09/30/2016. Remarks by Johan Visschedijk: "Blackburn had first entered the field of flying boat design with the N.1B, a single-seat fleet escort bomber that had been partially built in 1917-18, but never flown. Subsequently, the hull of this aircraft was used in the Blackburn Pellet, an unsuccessful contender for the 1923 Schneider Trophy Contest. Unfortunately, the Pellet crashed whilst taking off on the day of the race. Notwithstanding this initial lack of success, in 1924 Blackburn responded to RAF specification 14/24 for a long-range reconnaissance flying boat. Since Blackburn's experience with the Pellet, the company had been fortunate in obtaining the services of Major J.D. Rennie. Major Rennie was the ex-Chief Technical Officer of John Porte who had been instrumental in the design of the extremely successful WW I series of Porte-Felixstowe flying boats.
R.B.1 Iris Mk.I. Under Rennie's guidance, Blackburn's submission was a large aircraft of wooden construction powered by three 650 hp Rolls-Royce Condor III engines. Completed in 1926, this aircraft with the RAF serial N185 was called the Iris. First flown on June 19, 1926, the Iris had an excellent performance and was capable of sustained flight on any two of its three engines. Full performance trials were carried out shortly after the first flight by the MAEE (Marine Aircraft Experimental Establishment) at Felixstowe during July and August.
R.B.1A Iris Mk.II. Although the Iris performed well, it was hampered by its wooden hull, which could absorb water to a weight of 200-300 lb (91-136 kg). Such a weight addition was obviously detrimental to performance at sea and in the air and so consequently the Iris was redesigned with an all-metal hull. The new hull was constructed of duralumin and differed in several respects from the original wooden hull. At the same time as the new hull was fitted to N185, it was also re-engined with three 675 hp Condor IIIA engines. So modified, N185 became the sole Mk.II.
In August 1927 the Iris Mk.II in company with a Supermarine Southampton, a Short Singapore and a Saunders Valkyrie embarked on a 9,400 mile (15,128 km) tour of the Baltic. The Iris was designated the flagship for this tour and as such carried Sir Samuel Hoare who was then the Secretary of State for Air. So successful was the Iris that the aircraft was selected to carry Sir Phillip Sassoon, the Under Secretary of State for Air, on his 17,000-mile (27,359 km) tour to India in the following year.
R.B.1B Iris Mk.III. Largely as a result of this success in transporting VIPs, the Air Ministry issued specification R.31/27, to cover the production of a developed Iris that it was planned would equip one squadron. This aeroplane became the Iris Mk.III and was similar to the Mk.II but was constructed entirely of duralumin with fabric covering for the flying surfaces. The engines fitted were three 675 hp Condor IIIB engines.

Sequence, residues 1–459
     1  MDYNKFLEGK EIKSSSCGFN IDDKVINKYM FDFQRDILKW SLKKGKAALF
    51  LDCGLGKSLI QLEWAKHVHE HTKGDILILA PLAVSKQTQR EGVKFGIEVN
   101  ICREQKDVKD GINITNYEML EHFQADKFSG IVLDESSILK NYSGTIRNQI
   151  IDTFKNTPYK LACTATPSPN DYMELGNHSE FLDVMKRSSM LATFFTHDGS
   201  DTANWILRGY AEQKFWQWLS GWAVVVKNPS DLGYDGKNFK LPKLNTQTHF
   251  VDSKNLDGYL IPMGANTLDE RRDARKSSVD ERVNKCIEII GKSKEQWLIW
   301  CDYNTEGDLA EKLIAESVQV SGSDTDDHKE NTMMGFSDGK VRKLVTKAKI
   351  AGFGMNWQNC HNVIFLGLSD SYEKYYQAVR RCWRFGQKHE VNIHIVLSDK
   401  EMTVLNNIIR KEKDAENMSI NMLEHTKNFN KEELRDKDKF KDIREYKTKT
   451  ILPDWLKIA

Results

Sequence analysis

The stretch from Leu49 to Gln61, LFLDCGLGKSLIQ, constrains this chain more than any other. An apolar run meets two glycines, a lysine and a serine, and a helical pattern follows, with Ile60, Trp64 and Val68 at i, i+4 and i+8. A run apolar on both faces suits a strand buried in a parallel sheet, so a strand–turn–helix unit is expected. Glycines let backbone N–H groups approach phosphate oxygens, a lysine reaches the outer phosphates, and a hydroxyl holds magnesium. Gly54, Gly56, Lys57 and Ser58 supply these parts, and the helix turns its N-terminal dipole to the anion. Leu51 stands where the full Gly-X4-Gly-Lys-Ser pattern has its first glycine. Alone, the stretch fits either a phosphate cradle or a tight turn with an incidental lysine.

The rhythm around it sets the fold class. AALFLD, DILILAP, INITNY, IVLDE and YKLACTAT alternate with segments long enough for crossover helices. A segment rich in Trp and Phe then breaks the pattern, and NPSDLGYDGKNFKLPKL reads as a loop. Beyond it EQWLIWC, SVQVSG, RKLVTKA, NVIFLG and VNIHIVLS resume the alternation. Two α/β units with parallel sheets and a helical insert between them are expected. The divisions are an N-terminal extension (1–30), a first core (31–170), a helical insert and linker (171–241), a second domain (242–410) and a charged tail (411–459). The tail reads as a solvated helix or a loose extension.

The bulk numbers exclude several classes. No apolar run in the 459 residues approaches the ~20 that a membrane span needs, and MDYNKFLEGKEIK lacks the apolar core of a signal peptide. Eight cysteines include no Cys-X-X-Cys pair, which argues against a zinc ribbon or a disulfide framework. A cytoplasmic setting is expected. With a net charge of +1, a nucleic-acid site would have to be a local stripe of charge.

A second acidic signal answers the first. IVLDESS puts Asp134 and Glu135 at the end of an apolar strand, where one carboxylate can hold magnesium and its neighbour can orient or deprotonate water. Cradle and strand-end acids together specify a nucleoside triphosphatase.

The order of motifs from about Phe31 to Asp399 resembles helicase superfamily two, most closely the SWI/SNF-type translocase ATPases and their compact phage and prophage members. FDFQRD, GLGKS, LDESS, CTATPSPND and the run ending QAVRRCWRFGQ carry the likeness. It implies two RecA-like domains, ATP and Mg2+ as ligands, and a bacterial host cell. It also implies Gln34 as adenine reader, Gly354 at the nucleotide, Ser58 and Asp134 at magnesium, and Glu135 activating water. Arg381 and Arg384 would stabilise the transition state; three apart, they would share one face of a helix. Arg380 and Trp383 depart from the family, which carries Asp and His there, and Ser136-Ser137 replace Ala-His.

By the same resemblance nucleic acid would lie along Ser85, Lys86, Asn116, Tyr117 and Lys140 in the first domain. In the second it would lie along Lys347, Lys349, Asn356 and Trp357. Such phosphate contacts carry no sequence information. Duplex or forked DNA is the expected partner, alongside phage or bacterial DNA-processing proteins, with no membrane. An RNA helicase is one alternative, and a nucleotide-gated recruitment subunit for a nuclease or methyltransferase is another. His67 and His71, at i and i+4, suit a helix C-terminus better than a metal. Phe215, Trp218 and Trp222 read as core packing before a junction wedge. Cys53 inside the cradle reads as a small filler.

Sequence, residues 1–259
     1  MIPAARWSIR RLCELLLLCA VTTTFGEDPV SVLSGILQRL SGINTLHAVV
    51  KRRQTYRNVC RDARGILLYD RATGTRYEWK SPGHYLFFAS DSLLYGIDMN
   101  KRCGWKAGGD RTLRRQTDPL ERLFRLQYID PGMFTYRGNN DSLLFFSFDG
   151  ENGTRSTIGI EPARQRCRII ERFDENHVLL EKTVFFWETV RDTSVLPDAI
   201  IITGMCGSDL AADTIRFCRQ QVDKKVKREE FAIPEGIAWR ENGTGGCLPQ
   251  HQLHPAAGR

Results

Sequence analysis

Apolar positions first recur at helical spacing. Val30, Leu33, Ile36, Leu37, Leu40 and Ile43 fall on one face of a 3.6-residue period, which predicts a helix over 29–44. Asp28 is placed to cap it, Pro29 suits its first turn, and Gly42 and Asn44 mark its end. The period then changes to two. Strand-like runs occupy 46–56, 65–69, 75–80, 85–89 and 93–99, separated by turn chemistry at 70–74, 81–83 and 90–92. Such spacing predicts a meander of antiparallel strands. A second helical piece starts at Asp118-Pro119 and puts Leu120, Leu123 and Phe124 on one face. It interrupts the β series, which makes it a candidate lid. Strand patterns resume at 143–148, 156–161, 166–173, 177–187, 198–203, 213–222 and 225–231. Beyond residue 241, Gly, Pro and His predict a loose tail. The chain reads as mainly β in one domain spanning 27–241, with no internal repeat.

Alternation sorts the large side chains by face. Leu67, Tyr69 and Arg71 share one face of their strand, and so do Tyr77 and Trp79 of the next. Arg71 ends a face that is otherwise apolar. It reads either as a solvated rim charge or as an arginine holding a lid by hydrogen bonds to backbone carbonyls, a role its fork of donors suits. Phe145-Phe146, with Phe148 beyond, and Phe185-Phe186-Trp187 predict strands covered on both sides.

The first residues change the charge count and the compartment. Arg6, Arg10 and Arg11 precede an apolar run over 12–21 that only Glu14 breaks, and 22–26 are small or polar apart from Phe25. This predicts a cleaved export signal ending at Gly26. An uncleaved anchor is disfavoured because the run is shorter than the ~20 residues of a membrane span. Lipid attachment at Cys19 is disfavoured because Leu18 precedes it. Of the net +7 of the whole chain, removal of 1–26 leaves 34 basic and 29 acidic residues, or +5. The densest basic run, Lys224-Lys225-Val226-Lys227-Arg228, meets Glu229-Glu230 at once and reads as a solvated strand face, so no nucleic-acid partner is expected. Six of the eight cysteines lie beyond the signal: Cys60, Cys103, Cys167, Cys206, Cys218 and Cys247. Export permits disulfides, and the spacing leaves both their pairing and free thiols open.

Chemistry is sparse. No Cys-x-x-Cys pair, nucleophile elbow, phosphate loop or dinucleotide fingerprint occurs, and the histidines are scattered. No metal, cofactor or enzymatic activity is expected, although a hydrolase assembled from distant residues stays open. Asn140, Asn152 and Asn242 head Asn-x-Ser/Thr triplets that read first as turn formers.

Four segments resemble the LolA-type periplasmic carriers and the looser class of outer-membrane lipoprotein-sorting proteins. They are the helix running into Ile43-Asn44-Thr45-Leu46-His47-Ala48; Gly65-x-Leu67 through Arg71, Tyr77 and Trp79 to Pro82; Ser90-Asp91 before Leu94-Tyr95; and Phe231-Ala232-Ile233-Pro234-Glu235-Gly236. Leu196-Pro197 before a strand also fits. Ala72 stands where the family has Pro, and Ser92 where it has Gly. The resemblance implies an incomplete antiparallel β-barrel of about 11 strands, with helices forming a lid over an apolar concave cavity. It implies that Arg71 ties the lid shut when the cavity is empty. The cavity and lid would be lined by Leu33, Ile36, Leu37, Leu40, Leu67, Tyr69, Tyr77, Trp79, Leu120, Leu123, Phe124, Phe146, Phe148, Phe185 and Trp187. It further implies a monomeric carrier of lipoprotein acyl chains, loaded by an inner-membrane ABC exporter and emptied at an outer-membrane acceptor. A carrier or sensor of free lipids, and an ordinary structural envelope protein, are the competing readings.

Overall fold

The prototype Iris Mk.III, serial N238, was first flown on November 21, 1929 and was immediately found to be superior to the Mk.II in most respects. The Iris Mk.III entered service with No.209 Squadron which reformed at Mount Batten, Plymouth in January 1930. By July 1931 the squadron was operating three aircraft, S1263, S1264 and S1593. This latter aircraft was a replacement for N238, which had unfortunately crashed in February 1931, and was fitted with a 37 mm C.O.W. quick-firing cannon in the bow.
During its service career the Iris Mk.III performed admirably. In June 1930 S1263 and S1264 flew to Reykjavik for the Icelandic Parliament's millenary celebrations and in the following August S1264 flew non-stop to Lisbon in the excellent time of 10 hours 50 minutes. In the spring of 1931, S1263 and S1264 embarked on an extremely successful tour of the Mediterranean, both aircraft returning before the summer.
R.B.1C Iris Mk.IV. As early as December 1926 Rennie had prepared a scheme for an Iris Mk.II powered by three 700 hp Armstrong Siddeley Leopard two-row air-cooled radials. He envisaged a saving structural weight coupled with improved performance. No action was taken immediately, but, while work was in progress on the Iris Mk.III contract, Iris Mk.II N185 was sent back to the makers to be reworked and fitted with three of the latest 800 hp Leopard IIIs but with the center engine reversed for investigations into the cooling of pusher radials and to compare the efficiency of tractor and pusher airscrews. Its first flight in this condition, as the Iris Mk.IV, was made on May 6, 1931 piloted by A.M. Blake, after which it went to Felixstowe. After further work at the factory it was redelivered to the MAEE in March 1932.
R.B.1D Iris Mk.V. Although the Iris Mk.IIIs were successful, escalating weight caused by additional equipment was taking its toll, both of water and aerial performance. Consequently, in late 1931, the Air Ministry authorized the modification of all three Iris Mk.IIIs (S1263, S1264, S1593) to Mk.V standard, by the installation of the more powerful 825 hp Rolls-Royce Buzzard IIMS. These engines were mounted in new, low-drag nacelles of advances design directly on the interplane struts. By January 1933 all three had been modified, which resulted in a considerable improvement in flying qualities but not the hoped for improvement in sea handling.
R.B.3 Iris Mk.VI. On December 10 1932, the Iris Mk.V S1593 was returned to Blackburn and received a number of experimental installations including Fairey-Read metal airscrews, two-bladed outboard and four-bladed on the center engine. Referred to as the Iris Mk.VI it was flown again on March 31, 1933 and became the prototype of the R.B.3A Perth.
Although the Iris and Perth were built in very few numbers their benefit to the RAF was huge. From their usage the RAF gained great experience in the operation and maintenance of very large aircraft and the pioneering work carried out by the Iris and Perth was to prove invaluable in future operations of Coastal Command."